My journey to complete dentistry

I first came across the Dawson Philosophy when looking through the never-ending list of recommended texts during my MSc in Prosthodontics. I read Dr Peter Dawson’s Occlusion: TMJ to Smile Design cover to cover when preparing for my written exams. I must admit I was overwhelmed by the detail in the text but impressed by the logical manner of its presentation. Being my ‘efficient’ self, I simplified my understanding of occlusion with the more comfortable teaching that was not as focused at the ‘finer details’. Why make my life difficult?

Robust restorations
After some years in practice, a few of my previously restored cases started to prematurely fail in various ways. This included premature chipping of porcelain or composite, devitalisation of abutments with conservative preparations and accelerated wear of teeth. I planned my cases, used facebows and followed strict protocols to ensure robust restorations when bonding my composites and choosing materials to restore teeth. I reflected on my practice and decided to revisit my occlusal principles.

That same day, I started looking to the States to fill this gap in my skill set. I sifted through the various academies in the States and, during my exploration of the Dawson Academy site, found that the faculty had an international representative based here in the UK – Dr Ian Buckle. Why bother with a flight across the pond when I could drive 30 minutes to the centre?

On the first day, I realised the common denominator between the dentists was the frustration of not being the complete dentist who wished to manage patients needs predictably. Following an overview of anatomy and basic principles, there was a lot of hands on application. The examination process is thorough to say the least, concentrating on traditional aspects and introducing an assessment of the TMJs and musculature in an accessible and functional manner.

When was the last time you waxed up a tooth? How does a lower incisal edge look? If there is one thing you learn here is how poor our appreciation of dental anatomy is! In the treatment planning phase, we developed on our examination skills and assessed cases (our own, too) systematically to allow us to plan every case. I couldn’t fault it. It is requires time and effort, but saves you so much during your active treatment as you and your patient are confident knowing your end point.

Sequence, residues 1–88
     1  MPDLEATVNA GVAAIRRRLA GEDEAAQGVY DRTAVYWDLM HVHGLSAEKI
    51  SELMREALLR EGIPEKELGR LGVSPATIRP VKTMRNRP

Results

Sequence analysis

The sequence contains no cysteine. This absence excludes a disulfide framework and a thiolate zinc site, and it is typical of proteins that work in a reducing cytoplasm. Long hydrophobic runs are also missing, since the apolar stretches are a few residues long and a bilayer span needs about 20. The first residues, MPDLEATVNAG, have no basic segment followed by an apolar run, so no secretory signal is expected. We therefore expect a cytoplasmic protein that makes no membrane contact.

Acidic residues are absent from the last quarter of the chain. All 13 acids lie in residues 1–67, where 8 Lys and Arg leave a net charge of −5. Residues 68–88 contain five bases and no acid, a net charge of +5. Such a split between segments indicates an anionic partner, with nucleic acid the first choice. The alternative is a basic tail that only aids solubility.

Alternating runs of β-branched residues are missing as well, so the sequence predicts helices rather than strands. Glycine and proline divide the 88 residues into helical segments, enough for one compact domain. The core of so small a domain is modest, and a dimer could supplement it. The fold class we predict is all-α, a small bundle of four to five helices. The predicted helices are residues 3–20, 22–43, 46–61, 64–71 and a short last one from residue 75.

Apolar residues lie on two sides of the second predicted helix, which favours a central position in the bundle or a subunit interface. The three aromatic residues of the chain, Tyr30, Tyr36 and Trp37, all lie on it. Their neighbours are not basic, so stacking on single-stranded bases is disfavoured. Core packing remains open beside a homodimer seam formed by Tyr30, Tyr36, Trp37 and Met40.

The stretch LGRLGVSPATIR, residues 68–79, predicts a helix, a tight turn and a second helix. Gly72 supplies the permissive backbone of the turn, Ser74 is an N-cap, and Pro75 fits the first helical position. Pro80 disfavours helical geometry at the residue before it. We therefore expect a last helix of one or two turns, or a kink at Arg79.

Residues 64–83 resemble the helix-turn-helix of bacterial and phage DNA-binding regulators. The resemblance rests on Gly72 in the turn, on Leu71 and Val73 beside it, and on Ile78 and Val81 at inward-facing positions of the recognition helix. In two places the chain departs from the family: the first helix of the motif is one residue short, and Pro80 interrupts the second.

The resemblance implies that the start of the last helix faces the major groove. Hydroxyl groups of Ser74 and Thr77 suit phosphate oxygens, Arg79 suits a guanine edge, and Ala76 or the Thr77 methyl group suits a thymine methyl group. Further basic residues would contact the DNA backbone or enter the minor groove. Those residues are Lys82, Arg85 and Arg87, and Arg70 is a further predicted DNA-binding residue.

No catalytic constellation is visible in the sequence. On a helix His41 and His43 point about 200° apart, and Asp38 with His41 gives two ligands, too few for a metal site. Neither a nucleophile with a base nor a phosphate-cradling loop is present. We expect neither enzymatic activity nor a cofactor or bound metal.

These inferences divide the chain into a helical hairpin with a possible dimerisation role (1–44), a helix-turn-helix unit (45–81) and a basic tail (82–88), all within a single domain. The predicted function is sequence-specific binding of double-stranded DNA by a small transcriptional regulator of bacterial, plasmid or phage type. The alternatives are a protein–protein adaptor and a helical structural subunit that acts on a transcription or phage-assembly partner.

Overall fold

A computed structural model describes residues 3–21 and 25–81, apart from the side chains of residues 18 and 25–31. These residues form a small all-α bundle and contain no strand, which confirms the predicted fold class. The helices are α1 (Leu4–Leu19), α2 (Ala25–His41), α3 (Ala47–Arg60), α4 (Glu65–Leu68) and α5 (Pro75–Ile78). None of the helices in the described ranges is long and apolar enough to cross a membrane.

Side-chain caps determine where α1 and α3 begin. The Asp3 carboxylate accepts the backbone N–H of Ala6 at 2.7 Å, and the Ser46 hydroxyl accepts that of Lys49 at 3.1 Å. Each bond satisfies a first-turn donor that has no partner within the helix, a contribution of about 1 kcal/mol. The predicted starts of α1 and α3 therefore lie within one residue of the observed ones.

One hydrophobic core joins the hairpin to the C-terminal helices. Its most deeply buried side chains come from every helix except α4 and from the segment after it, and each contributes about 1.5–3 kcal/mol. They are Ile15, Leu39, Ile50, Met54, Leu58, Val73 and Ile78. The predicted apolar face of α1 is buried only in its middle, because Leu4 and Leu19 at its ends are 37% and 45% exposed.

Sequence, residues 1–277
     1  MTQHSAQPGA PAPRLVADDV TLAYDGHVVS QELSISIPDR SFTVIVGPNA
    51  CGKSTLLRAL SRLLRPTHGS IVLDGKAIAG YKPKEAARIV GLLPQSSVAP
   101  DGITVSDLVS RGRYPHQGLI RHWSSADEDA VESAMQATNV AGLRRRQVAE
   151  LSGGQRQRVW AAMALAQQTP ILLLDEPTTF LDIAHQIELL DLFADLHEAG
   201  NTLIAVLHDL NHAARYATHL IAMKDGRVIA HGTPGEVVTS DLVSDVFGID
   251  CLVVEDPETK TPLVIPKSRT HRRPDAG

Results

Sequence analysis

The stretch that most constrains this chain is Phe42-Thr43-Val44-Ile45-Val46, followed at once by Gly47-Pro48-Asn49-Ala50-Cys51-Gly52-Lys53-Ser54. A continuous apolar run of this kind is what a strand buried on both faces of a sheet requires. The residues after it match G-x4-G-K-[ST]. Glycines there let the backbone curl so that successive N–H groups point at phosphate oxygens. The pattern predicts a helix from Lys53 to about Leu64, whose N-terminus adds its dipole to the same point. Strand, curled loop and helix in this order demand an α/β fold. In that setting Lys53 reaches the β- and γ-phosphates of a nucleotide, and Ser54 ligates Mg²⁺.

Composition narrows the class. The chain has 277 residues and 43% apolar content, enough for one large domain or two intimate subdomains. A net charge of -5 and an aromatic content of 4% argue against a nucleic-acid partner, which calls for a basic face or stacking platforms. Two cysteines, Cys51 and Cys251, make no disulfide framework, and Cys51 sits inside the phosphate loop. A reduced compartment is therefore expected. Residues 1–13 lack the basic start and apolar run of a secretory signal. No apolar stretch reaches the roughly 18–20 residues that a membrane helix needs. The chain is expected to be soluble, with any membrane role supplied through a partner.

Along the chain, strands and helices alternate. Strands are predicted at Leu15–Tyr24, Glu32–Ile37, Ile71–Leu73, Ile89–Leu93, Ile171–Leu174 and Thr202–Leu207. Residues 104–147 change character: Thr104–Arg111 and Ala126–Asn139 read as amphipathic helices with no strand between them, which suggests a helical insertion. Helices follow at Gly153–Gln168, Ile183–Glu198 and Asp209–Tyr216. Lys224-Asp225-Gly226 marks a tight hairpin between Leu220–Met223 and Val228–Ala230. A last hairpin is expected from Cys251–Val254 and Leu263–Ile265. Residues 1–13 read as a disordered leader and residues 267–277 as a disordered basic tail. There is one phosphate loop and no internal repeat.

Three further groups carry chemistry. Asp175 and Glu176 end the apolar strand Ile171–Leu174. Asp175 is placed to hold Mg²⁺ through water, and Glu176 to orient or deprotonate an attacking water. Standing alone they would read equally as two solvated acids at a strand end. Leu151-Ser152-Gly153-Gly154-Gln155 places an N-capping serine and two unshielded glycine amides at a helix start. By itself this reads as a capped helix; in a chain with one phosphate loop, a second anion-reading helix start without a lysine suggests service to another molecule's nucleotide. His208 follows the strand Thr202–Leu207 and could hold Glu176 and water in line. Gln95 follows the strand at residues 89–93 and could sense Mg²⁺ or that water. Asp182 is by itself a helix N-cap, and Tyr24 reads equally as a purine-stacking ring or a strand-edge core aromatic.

This analysis involves knowing where teeth should be spatially, the position of incisal edges, gingival margins and tooth contacts (interproximal and interarch). Using wax ups and kesling set ups we then analyse how this should be achieved. Being in so much control is empowering. This allows you to present to the patient a well thought-out plan.
Dr Buckle’s approach to teaching is refreshing.

He is grounded in every day practice unlike many academics. I believe his aim is to allow us to provide our patients with predictable routine care and gives us the skill set to be able to plan and execute the more complex rehabilitations we come across. Ian understands the practical logistics of integrating the Dawson philosophy in our daily practice and his experiences, good and bad, have give us great insight. If you are like me, you want to be the best practitioner you can be.

Dr Dawson and Dr Buckle encourage us to be the ‘go to dentist’ in our area. Believe me, completing the core curriculum will help you in achieving that goal.
Monder Zbaeda asks why bother with a flight across the pond when you can study here!


Monder Zbaeda BDS(Hons) MSc MFDS RCSEd graduated from the University of Manchester in 2006. He was also an extern at Harvard University. He gained membership of Royal College of Surgeons and returned to private practice across Cheshire and Lancashire while completing an MSc in prosthodontics. He completed the core curriculum under the tutelage of Ian Buckle and was invited to join him in the Dawson Academy as a teaching assistant and mentor.

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